John W. Howard, Ph.D.

Performance Resources, Inc.

Logan, UT

When you go out in the marketplace to find a new employee, you are very much in the role of a tournament fisherman! You and all the other employers seeking a new recruit, standing around the shores of the same pond, all wishing you could catch a world-record fish… but, unfortunately, that fish does not live in this pond! Your task, then, becomes one of catching the very best fish you can, not catching the little ones that you’ll eventually throw back, and certainly trying not to catch any bottom-feeding carp.

How, then, are we employers to compete? Like tournament fishermen, we are likely to do much better if we know something about the fish available in our pond! Anglers use fish finders to help see through the muddy water. How many big ones are available? How many little ones will hit our bait first? How many carp? Where do the best ones swim – on top, or on the bottom? Many employers don¹t have a very good picture of the answers to these important questions, and are forced to blindly throw their bait out in the form of shotgun advertising, hoping for the best.

Tournament anglers invest a lot of money in their tools – rods, reels, and lures designed to maximize their catch of the best fish, and minimize the time they waste on the others. As employers, we will have the best return on our investment if we have good tools, helping maximize our catch.

OK, enough of the fishing analogy – you get the idea. In learning about the characteristics of our applicant population, and in targeting the most desirable among them to transform into good employees, we need a competitive fisherman’s mindset, and tools that will allow us to measure the population and select the best from them. That tool, for many successful companies, is a quality pre-employment assessment.

Pre-employment assessments have been in use for well over 50 years, and are sometimes referred to as “honesty-integrity tests.” As with most products that have stayed on the market for 50+ years, the types and formats have evolved into a bewildering array of choices, some very good, some nearly worthless, or even illegal. How can you recognize a measure that is likely to be able to help, and also be sure it’s not going to cause you trouble?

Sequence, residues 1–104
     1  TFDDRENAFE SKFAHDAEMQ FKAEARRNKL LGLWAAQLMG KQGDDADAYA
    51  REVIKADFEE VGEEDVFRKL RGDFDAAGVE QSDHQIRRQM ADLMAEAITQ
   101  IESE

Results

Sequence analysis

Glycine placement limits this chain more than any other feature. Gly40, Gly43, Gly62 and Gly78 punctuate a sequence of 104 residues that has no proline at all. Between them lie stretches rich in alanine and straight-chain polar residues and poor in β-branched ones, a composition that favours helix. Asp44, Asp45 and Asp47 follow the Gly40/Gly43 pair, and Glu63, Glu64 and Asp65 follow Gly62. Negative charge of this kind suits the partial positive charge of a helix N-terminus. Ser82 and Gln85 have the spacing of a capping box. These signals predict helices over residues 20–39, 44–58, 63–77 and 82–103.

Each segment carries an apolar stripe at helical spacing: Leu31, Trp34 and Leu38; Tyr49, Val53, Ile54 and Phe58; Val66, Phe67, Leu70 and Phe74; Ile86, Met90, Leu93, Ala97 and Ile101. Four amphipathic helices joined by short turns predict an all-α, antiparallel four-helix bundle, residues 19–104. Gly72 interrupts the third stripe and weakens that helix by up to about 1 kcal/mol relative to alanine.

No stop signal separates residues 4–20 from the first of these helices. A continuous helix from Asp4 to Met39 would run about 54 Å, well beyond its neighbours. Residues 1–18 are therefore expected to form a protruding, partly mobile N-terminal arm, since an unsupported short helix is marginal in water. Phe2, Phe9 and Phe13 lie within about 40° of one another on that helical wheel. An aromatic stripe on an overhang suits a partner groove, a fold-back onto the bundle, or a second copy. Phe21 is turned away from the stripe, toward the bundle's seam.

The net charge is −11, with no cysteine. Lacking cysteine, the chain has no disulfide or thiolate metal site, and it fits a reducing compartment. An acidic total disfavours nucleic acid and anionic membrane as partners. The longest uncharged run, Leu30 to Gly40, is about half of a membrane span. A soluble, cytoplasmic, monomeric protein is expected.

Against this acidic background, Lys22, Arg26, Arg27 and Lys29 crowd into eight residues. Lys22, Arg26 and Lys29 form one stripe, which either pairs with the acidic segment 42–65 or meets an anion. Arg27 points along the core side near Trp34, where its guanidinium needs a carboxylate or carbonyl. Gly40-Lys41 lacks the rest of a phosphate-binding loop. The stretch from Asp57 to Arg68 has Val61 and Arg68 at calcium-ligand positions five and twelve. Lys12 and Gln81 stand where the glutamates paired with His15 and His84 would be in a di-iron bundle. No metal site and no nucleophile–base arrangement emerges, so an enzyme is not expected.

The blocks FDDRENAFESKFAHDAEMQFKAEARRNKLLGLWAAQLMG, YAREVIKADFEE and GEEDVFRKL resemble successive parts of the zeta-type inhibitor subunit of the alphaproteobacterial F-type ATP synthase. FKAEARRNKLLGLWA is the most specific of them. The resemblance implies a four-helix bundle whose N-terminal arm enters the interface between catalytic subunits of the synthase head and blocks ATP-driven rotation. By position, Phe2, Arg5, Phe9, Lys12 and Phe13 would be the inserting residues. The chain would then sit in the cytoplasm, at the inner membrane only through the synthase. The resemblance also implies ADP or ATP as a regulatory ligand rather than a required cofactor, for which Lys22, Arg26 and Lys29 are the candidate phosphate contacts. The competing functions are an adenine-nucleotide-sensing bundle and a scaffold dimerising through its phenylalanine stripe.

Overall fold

You can look for several things that tend to identify a good pre-employment screening assessment:

• It will have a legal opinion (in writing) available to you on request.
• It will have a technical manual, also available on request, which will document the reliability, validity, and non-discriminatory characteristics of the instrument, based on valid scientific methods.
• It will include a distortion, or “faking” score, to alert you to invalid results.
• It will measure more than one important dimension of employee characteristics. (For example, common measurements include honesty, integrity, work ethic, reliability, and probability of substance abuse.)
• It will provide an interview guide, to enrich your interview while steering you clear of forbidden waters.
• It will provide clear, easy-to-read results that need little interpretation, and it will provide them quickly and easily.
• The system will include built-in, easy to use statistical tools that do not cost you extra money to use.
Once you have found a measure that meets those standards, you are prepared to ask for two more things:
• Examples of case studies, showing the use of the measure in real work settings, the effects, and a cost-benefit analysis.
• A chance to speak with other employers who are currently using the measure.

Having found your measure, decided to use it, what should you expect from your new “fishing tools”? Within a short time, you should begin to see a clearer picture of your applicant pool, both their shortcomings and their strengths. You should be able to, in a relatively short time, see and document improvements in turnover rates, tardiness, attendance, shrinkage, and on-the job injuries. 

As our companies, jobs, settings and cultures vary, so will results of using a pre-employment screening measure. In a sample of 5 case studies, however, across 5 very different employment settings, the average cost-benefit ratio was over 20:1.